Picking up witches

I was sitting with my book, reading, on a bench in the main railway station in Gothenburg. I was hoping to get a good long way into my book. The corner of my eye noticed the man coming to sit down next to me. I didn’t look at him, but felt that perhaps he had sat down slightly too close.

He turned to me and peered at the book.

‘Are you reading about love?’ he asked hopefully. He was foreign, and I only mention this because a Swede would not start a conversation quite like that.

‘No.’

I was my usual charming self, not wasting a single word on this idiot.

‘What is it about?’

‘Demons,’ I snapped.

‘Are you travelling to Stockholm?’ he wanted to know, presumably stumped by the demons.

‘No!’

He was sufficiently astute to decide to leave and try some other witch, on some other bench. There was no love to be got from me. Not even a travelling companion to Stockholm.

A big Thank You to Jon Mayhew for writing about demons, and not about love.

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8 responses to “Picking up witches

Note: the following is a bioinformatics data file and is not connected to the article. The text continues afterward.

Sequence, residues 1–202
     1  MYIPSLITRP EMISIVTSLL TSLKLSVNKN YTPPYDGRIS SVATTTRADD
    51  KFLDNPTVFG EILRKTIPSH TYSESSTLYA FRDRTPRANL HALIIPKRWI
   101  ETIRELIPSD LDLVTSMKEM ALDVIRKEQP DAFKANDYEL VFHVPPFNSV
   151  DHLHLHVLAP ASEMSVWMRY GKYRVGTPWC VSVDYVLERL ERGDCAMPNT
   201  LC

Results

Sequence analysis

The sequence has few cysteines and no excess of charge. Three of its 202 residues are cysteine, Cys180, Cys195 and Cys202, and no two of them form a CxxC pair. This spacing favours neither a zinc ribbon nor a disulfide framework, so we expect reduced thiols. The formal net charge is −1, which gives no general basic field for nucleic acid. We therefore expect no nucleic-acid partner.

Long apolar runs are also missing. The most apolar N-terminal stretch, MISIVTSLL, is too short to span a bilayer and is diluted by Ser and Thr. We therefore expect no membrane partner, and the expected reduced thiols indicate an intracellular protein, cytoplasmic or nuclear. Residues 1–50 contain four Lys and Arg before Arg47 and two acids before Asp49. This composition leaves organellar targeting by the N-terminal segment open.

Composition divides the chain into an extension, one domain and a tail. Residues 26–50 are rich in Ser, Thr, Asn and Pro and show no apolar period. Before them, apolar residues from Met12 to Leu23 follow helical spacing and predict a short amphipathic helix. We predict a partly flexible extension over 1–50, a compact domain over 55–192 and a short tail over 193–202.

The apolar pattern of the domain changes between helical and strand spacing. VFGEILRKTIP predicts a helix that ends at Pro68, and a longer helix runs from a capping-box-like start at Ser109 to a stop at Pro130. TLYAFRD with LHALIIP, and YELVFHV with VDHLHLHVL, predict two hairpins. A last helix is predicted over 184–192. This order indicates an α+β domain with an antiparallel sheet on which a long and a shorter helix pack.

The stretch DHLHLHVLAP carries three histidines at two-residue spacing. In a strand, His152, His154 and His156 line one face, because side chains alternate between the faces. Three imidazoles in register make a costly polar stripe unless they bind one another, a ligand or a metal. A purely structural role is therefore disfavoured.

1. In Santa Cruz, demons would not be a deterrent at all. Quite the opposite.

  2. Perhaps he was a fallen angel looking for directions.

  3. I’ll have to count myself lucky that demons weren’t attractive to him. What ARE you like in Santa Cruz?

  4. This reminds me of an incident which occurred when I was working in a bookshop. There I stood behind the counter, wearing my Distinctive Bookshop Uniform and selling a book to a customer. Enter, stage left, a flustered looking gentleman. He approaches the desk and, as I slide a book into a plastic bag and hand it to the customer, enquires: “Do you work here?”
    With great restraint, I reply: “Yes.”
    He continues: “Where do you keep your books on love?” (He may have gazed soulfully into my eyes at this point. Or he may not. I forget). Ever the professional, I tried to think what he meant by ‘books on love’. Pornography? Men are from Mars, Women Etcetera?
    “Er – what sort of love?” I asked.
    “Platonic love.”
    Brief pause.
    “Um… you might find something in Popular Psychology?”
    And he went off, and I was left thinking: it’s a sad world when someone looking for love is directed to Popular Psychology, but on the other hand it did seem the quickest way of getting rid of him.

  5. He doesn’t sound anywhere near keen enough. In my youth I had to hide in all sorts of unlikely places. Some men have no taste at all.

  6. Surely the best approach with a bookseller is to buy a book and then say, ‘Have one yourself?’

  7. On second thoughts I feel the reply should be ‘on a shelf next to my bed’. Or would that invite the wrong reaction?

  8. Wrongish

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